The G.O.P. primary struggle is finally beginning to wind down (though nobody seems to have told the candidates!) and predictably the commentariat is moving on toward big-picture macro predictions about the national election.
The problem is, we don’t really have national elections in America. We have state ones, as Ezra Klein recently noted, and it is in a sub-set of those—the “swing states” that can tip either way—that elections are really won or lost. For that reason, it’s been interesting to read a flurry of posts and quotes lately by Klein, Ryan Avent, and my Brookings colleague David Damore (a contributor to a new Brookings book on political demography) properly focusing on the implications of swing state economic data and polling for fall vote outcomes.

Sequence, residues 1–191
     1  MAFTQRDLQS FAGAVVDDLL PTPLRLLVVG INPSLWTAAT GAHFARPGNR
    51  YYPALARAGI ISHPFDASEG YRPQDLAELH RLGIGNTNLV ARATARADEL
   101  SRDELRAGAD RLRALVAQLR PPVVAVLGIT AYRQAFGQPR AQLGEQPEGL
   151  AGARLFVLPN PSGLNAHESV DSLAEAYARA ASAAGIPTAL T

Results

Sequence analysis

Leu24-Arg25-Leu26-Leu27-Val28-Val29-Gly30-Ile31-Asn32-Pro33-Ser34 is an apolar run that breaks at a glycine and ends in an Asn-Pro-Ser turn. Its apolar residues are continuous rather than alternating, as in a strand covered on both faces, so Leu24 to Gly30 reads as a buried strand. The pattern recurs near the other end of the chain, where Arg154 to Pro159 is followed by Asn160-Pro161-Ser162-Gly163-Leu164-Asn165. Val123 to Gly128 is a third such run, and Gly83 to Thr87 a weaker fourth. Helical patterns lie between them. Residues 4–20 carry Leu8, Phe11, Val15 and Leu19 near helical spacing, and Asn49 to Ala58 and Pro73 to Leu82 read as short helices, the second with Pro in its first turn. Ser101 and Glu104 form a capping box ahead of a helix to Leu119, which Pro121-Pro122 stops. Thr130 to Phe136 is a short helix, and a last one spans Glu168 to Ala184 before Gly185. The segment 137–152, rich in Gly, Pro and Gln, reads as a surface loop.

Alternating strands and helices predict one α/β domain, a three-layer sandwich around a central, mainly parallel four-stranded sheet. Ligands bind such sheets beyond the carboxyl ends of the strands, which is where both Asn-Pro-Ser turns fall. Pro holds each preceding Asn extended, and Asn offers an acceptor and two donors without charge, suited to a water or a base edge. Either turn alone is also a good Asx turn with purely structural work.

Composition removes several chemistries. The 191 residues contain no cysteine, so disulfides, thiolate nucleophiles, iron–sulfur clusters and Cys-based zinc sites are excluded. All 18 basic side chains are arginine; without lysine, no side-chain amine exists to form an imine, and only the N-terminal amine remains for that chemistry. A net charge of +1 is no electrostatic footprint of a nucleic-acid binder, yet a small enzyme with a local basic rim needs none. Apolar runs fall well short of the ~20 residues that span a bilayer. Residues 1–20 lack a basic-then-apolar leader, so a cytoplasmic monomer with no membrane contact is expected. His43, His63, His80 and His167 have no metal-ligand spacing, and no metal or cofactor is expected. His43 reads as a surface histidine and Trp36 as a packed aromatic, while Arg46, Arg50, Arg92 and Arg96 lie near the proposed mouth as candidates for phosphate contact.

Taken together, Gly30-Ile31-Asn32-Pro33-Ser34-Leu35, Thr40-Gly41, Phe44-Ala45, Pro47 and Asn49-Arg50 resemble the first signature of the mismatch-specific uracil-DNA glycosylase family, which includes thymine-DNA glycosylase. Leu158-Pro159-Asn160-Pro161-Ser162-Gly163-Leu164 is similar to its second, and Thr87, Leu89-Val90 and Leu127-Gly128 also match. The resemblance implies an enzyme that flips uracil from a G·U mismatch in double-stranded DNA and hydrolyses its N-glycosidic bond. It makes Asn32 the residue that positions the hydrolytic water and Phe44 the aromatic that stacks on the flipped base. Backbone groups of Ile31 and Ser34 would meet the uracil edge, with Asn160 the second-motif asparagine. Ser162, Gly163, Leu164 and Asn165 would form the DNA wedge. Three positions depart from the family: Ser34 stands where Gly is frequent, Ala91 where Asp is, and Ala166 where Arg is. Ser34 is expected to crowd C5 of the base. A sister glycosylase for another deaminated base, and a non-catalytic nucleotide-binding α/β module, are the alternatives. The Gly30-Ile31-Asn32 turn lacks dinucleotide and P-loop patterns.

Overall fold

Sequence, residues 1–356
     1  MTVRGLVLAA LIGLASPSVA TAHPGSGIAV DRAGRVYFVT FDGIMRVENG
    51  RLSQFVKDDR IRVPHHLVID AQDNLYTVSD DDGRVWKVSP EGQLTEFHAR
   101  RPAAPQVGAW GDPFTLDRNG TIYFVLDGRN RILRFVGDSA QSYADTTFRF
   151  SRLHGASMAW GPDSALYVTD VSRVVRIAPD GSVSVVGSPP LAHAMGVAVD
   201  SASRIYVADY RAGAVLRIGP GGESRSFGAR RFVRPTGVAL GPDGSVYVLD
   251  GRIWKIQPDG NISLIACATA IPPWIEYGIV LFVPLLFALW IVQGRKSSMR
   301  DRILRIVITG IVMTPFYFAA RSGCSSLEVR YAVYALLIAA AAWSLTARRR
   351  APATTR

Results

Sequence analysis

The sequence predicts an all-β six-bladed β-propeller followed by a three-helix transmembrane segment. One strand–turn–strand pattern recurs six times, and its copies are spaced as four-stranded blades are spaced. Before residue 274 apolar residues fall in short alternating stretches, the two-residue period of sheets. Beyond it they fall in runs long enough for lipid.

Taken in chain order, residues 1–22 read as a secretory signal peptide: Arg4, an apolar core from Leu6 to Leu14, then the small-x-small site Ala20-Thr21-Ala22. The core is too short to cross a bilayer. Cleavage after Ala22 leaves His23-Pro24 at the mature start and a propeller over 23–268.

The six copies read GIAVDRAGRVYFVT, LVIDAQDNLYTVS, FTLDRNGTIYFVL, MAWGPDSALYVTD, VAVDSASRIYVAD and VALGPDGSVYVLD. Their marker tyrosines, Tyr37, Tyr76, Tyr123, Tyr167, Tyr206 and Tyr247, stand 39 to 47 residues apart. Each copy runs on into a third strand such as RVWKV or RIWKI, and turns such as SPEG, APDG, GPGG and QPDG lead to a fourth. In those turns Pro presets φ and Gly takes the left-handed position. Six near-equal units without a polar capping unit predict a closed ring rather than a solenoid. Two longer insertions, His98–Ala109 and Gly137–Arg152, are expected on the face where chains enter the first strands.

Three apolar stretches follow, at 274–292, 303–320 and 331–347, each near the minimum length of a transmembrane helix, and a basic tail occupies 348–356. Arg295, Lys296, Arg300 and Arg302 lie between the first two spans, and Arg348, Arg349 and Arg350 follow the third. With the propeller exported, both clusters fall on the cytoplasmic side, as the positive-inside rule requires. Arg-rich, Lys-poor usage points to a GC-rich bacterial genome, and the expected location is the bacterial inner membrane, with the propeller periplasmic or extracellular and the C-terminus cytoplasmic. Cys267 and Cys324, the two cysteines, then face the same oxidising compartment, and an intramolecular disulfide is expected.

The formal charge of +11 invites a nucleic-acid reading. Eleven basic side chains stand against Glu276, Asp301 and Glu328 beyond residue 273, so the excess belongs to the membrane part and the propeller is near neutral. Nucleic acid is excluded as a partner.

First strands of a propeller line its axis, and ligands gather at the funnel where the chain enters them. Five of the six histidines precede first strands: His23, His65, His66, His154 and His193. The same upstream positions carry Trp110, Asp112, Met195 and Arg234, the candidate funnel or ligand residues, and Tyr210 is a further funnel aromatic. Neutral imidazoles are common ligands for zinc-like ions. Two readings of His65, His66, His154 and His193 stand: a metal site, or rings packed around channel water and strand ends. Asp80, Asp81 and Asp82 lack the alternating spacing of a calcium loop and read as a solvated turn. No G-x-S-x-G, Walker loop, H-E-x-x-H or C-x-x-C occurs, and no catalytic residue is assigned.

These guys don’t agree on what the data prognosticates but they’re at least looking in the right direction: toward ground-level dynamics in the states, with the notion that positive data may favor the reelection of President Obama.
Yet here’s a thought: States don’t really exist either, if you think about it. To understand swing states, that is, you need to look further down at what’s happening in their metropolitan areas, which concentrate massive pluralities of almost every state’s people and business activity (even “rural” Iowa’s). Specifically, you need to look at metropolitan economic trends—and not fixed data-points but trend data on job growth, the unemployment rate, and gross economic output. It is on changes on those indicators in the nine to 12 months prior to an election that political scientists say residents vote, with a positive direction favoring the incumbent.